Atomic number: 3
Year discovered: 1817
Discovered by: Johan August Arfvedson (1792-1841), a Swedish chemist from Stockholm.
- The mineral petalite was discovered by the Brazilian scientist José Bonifácio de Andrada e Silva towards the end of the 18th century while visiting Sweden.
- Lithium was discovered by Johan August Arfvedson in 1817 during an analysis of petalite ore, an ore now recognized to be taken from the Swedish island of Utö.
- Arfvedson subsequently discovered lithium in other minerals (spodumene and lepidolite) containing lithium.
- C. G. Gmelin observed, in 1818, that lithium salts result in flames that are a bright red color.
- Neither Gmelin nor Arfvedson were able to isolate the element itself from lithium salts, for example by heating the oxide with iron or carbon.
- The first isolation of elemental lithium was achieved later by W. T. Brande and Sir Humphrey Davy by the electrolysis of lithium oxide.
- In 1855, Robert Bunsen and A. Mattiessen isolated larger quantities of the metal by electrolysis of lithium chloride.
- In 1923, the first commercial production of lithium metal was achieved by Metallgesellschaft AG in Germany using the electrolysis of a molten mixture of lithium chloride and potassium chloride.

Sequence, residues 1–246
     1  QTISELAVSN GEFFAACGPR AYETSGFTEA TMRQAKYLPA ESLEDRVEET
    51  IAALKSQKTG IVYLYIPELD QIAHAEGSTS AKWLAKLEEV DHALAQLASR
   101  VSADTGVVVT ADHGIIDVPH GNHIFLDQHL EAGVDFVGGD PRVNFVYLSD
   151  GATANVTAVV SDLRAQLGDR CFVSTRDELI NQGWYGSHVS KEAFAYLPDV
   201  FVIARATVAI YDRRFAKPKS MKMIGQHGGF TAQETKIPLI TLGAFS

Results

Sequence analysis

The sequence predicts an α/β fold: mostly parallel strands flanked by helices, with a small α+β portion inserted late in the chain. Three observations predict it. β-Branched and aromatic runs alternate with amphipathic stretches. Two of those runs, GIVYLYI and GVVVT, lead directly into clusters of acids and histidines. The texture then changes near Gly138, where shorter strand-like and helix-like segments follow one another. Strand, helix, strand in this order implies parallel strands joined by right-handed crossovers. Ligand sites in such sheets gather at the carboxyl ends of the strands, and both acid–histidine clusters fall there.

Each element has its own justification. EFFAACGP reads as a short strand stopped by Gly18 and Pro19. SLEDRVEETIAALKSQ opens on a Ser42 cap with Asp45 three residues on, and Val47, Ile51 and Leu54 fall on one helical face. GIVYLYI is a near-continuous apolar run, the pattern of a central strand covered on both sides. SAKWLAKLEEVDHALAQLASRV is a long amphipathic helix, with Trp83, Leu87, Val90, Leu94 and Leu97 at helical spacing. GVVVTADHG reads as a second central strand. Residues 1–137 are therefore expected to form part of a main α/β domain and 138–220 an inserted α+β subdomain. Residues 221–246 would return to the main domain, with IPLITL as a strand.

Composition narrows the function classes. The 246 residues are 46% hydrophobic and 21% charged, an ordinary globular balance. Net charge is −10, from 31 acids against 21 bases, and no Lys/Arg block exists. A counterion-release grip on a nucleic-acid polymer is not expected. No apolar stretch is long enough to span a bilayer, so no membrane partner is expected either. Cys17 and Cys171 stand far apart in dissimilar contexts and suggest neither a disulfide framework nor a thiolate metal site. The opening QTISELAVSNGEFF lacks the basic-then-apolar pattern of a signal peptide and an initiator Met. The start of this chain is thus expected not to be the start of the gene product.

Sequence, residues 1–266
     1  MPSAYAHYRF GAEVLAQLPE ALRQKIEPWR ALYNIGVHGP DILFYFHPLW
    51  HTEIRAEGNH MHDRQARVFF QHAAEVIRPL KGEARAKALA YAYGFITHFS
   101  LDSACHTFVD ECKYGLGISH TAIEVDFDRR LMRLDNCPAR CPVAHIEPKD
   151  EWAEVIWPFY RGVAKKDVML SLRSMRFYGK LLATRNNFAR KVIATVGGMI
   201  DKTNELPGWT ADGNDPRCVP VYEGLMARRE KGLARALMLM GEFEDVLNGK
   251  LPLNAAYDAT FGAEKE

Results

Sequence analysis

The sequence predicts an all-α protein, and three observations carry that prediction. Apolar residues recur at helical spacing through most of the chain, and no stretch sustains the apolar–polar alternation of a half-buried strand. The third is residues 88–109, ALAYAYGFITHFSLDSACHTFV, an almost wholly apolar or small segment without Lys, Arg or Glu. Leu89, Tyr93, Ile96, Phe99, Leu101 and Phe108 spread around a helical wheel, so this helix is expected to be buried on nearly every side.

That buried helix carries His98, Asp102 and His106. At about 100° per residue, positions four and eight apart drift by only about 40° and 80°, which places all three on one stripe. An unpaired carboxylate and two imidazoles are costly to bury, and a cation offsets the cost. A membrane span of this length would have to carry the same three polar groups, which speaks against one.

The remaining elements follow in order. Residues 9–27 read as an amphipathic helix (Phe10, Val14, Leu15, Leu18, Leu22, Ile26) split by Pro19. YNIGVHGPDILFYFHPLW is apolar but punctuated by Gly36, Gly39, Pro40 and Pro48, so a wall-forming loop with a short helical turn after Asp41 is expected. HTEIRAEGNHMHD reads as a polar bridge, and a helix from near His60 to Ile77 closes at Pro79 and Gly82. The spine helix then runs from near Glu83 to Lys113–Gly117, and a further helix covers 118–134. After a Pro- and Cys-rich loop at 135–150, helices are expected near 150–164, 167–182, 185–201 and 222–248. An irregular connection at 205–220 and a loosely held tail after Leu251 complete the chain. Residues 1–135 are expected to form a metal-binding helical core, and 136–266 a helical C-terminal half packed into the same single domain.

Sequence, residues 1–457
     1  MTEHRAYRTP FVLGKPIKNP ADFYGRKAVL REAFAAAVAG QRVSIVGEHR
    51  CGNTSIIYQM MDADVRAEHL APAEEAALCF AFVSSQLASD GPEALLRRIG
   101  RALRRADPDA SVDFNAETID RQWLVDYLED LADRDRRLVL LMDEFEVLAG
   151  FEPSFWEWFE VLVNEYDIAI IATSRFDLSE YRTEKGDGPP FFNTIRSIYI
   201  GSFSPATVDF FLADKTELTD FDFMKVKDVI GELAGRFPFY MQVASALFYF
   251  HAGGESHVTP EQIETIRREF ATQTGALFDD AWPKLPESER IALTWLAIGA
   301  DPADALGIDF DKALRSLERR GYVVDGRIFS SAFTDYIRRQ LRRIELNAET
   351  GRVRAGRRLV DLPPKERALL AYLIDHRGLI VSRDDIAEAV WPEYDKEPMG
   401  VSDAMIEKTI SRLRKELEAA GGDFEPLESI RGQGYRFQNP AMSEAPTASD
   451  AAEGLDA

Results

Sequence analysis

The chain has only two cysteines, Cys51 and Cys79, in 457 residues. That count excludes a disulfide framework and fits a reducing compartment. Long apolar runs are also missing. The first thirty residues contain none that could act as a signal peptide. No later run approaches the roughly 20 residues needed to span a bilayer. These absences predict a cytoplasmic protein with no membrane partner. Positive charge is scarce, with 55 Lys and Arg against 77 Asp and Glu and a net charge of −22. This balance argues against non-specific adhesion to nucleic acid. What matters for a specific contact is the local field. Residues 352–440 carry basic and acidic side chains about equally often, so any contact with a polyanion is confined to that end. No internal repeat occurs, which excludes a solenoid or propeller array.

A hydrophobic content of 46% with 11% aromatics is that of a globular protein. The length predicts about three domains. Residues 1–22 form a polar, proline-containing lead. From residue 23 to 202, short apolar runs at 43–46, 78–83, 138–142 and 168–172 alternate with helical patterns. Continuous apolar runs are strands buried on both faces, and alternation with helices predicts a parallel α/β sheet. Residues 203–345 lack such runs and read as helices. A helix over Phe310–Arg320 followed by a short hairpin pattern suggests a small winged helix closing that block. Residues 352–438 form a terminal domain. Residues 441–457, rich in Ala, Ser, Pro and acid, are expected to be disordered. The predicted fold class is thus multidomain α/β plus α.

- A freshly cut lithium chunk is silvery, but it tarnishes in a minute or so in air resulting in a grey surface.
- It is used in combination with aluminium and magnesium for light-weight alloys, and is also used in batteries, some greases, some glasses, and in medicine.
- It has been used as a degasifier in the production of high-conductivity copper and bronze castings and is also used in the synthesis of Vitamin A.
- Lithium compounds are used in lubricants and ceramics, which consume the largest quantities, and in air conditioning, welding, and brazing.
Name in other languages:
Information about other elements may be seen at this Chemical Elements List.
A special unit about words that include chemo-, chem- may be seen here.
One important use of lithium may be seen at this Lithium for battery-driven cars page.